The Student News Site of University of Arizona

The Daily Wildcat

75° Tucson, AZ

The Daily Wildcat

The Daily Wildcat


Pedestrian safety a concern in construction areas near UA campus

Tyler Baker
Tyler Baker // The Daily Wildcat Students j-walk across Park Avenue Tuesday afternoon. Construction has blocked off the sidewalk just south of speedway and has created a j-walking hazard.

Construction workers near the UA said they are increasingly concerned about students and passers-by jaywalking through construction areas.

The Speedway Boulevard and Park Avenue intersection is still occupied as off-campus housing construction projects, such as Next, progress, limiting drivers and bikers to one lane. Students headed to nearby convenience stores and restaurants are also limited to the sidewalk on the east side of the road.

Despite road signs, restrictions have been ignored by pedestrians who proceed to walk through the construction sites, according to Patrick Linneen, superintendent at Beal Derkenne Construction.

Linneen said monitoring passers-by in the area was especially difficult during the move-in rush, before the start of the semester.

Without safety enforcement during some of the road’s busiest hours, it has become more common for students to jaywalk through the road to avoid the crosswalk, Linneen said.

Although the location does have a permit from the City of Tucson to be on-site, there is no police presence to direct traffic. Occasionally, construction workers will work on flag duty to prohibit pedestrians from walking through the fenced area, but they are not authorized to issue tickets.

“We recently had to re-erect the crane, and some students walk right through the blocked entrance with their headphones on,” Linneen said. “They walk right under the crane, oblivious to what’s going on.”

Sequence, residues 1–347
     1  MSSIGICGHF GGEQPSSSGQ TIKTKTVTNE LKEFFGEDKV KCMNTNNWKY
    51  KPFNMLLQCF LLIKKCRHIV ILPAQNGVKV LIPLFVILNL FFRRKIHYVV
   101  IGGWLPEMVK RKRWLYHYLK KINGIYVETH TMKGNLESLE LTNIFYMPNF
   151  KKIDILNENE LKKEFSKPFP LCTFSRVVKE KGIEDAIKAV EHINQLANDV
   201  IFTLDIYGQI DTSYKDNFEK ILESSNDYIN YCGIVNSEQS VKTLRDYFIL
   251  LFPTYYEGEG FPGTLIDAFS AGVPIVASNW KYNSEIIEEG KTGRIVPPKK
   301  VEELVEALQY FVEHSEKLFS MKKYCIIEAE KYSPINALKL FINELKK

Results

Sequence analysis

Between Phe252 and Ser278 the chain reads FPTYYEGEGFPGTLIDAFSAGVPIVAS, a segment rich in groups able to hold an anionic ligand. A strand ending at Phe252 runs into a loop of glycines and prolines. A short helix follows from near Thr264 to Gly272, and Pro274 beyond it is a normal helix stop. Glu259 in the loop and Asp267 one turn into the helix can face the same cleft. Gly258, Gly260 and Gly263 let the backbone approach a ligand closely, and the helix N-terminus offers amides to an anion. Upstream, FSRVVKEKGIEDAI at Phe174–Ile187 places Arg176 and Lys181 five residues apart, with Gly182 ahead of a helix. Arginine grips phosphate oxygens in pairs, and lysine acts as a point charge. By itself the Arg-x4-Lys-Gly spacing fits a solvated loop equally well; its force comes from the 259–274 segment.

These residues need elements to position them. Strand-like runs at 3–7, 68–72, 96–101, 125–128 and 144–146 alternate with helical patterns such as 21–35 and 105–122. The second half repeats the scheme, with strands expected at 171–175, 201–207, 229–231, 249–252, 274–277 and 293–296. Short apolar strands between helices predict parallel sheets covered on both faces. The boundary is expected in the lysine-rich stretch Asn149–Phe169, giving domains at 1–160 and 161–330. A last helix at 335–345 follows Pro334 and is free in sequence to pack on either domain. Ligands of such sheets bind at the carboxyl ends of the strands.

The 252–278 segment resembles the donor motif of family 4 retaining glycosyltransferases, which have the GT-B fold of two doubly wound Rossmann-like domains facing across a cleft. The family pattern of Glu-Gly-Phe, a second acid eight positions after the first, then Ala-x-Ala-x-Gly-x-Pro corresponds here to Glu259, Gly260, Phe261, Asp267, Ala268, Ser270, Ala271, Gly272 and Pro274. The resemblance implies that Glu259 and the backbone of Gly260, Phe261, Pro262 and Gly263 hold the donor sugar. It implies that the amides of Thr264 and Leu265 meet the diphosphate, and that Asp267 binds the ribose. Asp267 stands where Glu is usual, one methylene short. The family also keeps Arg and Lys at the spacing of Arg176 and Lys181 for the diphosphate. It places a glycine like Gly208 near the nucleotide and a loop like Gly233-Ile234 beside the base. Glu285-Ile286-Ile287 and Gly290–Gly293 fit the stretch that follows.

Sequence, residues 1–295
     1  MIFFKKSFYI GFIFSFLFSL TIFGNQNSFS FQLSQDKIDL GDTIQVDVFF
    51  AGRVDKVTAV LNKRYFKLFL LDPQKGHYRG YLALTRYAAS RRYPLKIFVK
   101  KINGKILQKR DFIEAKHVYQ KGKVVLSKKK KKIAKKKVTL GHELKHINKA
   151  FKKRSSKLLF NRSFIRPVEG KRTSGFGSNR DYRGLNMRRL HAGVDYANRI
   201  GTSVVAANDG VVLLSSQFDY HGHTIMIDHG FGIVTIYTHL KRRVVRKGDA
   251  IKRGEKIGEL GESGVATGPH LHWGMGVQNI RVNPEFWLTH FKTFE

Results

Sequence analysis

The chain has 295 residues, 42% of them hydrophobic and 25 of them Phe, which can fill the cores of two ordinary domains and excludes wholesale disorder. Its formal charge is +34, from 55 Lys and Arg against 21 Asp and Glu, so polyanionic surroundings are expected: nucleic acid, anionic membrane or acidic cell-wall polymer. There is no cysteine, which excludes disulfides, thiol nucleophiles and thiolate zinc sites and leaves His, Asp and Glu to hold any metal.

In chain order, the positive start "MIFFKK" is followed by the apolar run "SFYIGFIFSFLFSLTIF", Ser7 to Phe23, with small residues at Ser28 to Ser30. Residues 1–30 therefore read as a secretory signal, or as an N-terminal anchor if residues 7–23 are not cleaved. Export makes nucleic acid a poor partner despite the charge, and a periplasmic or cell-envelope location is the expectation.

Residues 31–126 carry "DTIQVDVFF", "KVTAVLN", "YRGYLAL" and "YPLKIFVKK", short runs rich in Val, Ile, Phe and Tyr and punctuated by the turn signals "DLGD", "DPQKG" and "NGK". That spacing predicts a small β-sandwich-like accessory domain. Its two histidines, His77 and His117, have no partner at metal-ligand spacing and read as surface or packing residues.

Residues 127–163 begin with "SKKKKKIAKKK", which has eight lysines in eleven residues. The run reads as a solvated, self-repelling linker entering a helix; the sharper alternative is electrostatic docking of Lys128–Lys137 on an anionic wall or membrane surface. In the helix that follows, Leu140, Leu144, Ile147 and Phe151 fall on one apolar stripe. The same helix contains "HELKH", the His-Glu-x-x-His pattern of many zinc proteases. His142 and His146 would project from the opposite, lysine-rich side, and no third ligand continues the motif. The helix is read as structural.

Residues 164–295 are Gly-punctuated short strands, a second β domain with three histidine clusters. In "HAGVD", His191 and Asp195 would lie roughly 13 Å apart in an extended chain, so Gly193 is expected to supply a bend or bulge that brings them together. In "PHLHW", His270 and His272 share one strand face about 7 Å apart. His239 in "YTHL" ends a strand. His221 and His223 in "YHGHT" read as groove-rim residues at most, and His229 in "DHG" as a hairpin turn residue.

Francis Daniels, a music education freshman who lives nearby at Manzanita-Mohave Residence Hall, said he often walks through the intersection.

“I had to wait a long time just to cross the intersection to get to the open sidewalk,” Daniels said. “It would really make a difference if a police officer were there for traffic. I have had to jaywalk about five times.”

Derek Cook, a computer science junior, said he was also confused about the intersection, as he just transferred to campus this semester.

“All of this construction is new to me … I think adding more detour signs would make it easier for me to avoid closed or dead end streets,” Cook said. “I was upset about having to make one large loop while driving.”

Dealing with passersby interfering with the construction site is left up to police enforcement, according to Chris Leighton, special events coordinator for City of Tucson Department of Transportation and UA almuni. Workers on-site are typically only responsible for maintenance in the area, Leighton added.

Filbert Barrera, public information officer for UAPD, said enforcing traffic safety on the UA campus is a “unique” situation. Since construction projects like Next are private, they sometimes have to work with the city or the Tucson Police Department to maintain safety.

UAPD has not received any formal complaints to date, but traffic
enforcement efforts continue in other heavily congested areas on campus, according to Barrera. Areas such as the intersections of Sixth Street and Fremont Avenue, and Sixth Street and Lowell Street, have been closely monitored by officers during the peak hours of the day, Barrera said.

Currently, five policemen on motorcycles monitor the areas between Cherry Avenue, University Boulevard and Park Avenue, Barrera added.

Those, along with other areas, are the main arteries of traffic enforcement on campus, Barerra said.

A recent grant through the Governor’s Office of Highway Safety will also allow UAPD to add two more police officers on campus to enforce bicycle and pedestrian safety, according to Barrera.

With the semester coming off the fall rush, Linneen said he can only hope newer students will adjust to the current road conditions near construction.

“Everything’s a matter of safety for now, whether it’s the public or on our site,” Linneen said. “It’s been a big problem, but this is where we’re located … We try to not be belligerent with enforcing it.”

-Follow Monica Contreras @m_contre

More to Discover
Activate Search